Saturate is a Spectral Clipper algorithm that overdrives a sound, ideal for any instrument, including acoustic or electric guitar and even vocals (to add some hair or grain). Best of all, it does this without affecting the tonal balance no matter how hard you push the signal. You can add up to 24 dB of overdrive without producing a muddy or muffled sound and while adjusting the Shape of the curve to range from incredibly smooth to hard clipping.
The Saturate presets range from very subtle, starting with A Hint of Paprika, to incredibly boisterous and intense with the Busted Compressor preset. You can apply this plug-in to any track or the entire mix and it always sounds natural and pleasant to the ear (although adding too much Saturation eventually becomes obvious!). There are independent input and output levels, but you also can use the Auto output, which scales the level naturally and easily. Of course there are meter displays so that you know how the signal is hitting the selected clipping shape, as well as any peaks.
Most of my compositions involve playing melody and some rhythm over tracks developed in Band-in-a-Box, and often the instruments in those pre-designed tracks are straight-forward. Saturate is so perfect for adding more energy and dynamics to the Band-in-a-Box instruments, whether acoustic, bass and even drums (and consider assigning Saturate to only a portion of a track if desired and for specific emphasis). As well, one of my favorite guitars is a Parker Dragonfly, which sounds great, but it’s not quite as ‘hot’ as I want it to be (and cranking the gain on a preamp/OD pedal often introduces extra hiss or noise). Adding Saturate in the mix makes a significant difference in making a guitar tone sound hotter and with no added noise.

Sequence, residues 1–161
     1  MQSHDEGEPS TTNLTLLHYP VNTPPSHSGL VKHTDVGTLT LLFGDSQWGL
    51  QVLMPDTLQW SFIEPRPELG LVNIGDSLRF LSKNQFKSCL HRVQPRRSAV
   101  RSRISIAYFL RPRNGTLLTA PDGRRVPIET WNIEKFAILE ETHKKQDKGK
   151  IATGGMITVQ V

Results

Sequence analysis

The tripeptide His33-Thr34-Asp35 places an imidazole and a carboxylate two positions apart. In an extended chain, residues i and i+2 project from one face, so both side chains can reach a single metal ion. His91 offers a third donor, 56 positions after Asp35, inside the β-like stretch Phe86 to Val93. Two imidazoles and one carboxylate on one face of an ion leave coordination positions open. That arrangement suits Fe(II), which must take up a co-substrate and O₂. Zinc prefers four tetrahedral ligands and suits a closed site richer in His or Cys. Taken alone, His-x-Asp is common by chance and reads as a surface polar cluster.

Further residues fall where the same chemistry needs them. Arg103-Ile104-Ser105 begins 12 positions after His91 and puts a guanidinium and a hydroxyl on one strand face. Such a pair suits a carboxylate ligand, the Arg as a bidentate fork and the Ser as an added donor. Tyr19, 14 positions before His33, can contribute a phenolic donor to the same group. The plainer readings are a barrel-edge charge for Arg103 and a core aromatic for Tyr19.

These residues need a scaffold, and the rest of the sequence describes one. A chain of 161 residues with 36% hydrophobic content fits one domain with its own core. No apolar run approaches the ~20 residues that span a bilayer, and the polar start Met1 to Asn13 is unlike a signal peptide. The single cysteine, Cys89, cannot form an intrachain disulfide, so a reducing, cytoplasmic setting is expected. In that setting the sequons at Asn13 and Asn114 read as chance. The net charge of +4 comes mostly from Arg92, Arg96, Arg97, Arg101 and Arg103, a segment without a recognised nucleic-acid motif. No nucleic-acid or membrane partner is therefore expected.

The Punctuate plug-in allows you to control the transient emphasis or suppression of 26 frequency bands with just 4 controls, making it very easy and intuitive to use. Mixing engineers use transient shapers either to emphasize the attack or sustain or to soften transients of an instrument. What makes Punctuate different is that it does not work with the whole signal of the entire frequency range, but allows you to tailor the attack of individual instruments, busses or entire mixes (depending on how you want to use the software); and with a host of presets designed for bass, drums, guitar, piano, experimental effects, etc., you have a lot of options without having to tweak a thing.
There are plenty of functions you can do with this plug-in, such as make a guitar passage flow smoother, or perhaps have a sharper attack. You can adjust the volume of a kick drum without affecting the snare. You can increase a bass guitar without affecting the kick drum. You can bring some instruments forward or back in the mix. Punctuate also helps to add excitement into flat sounding or over-compressed mixes.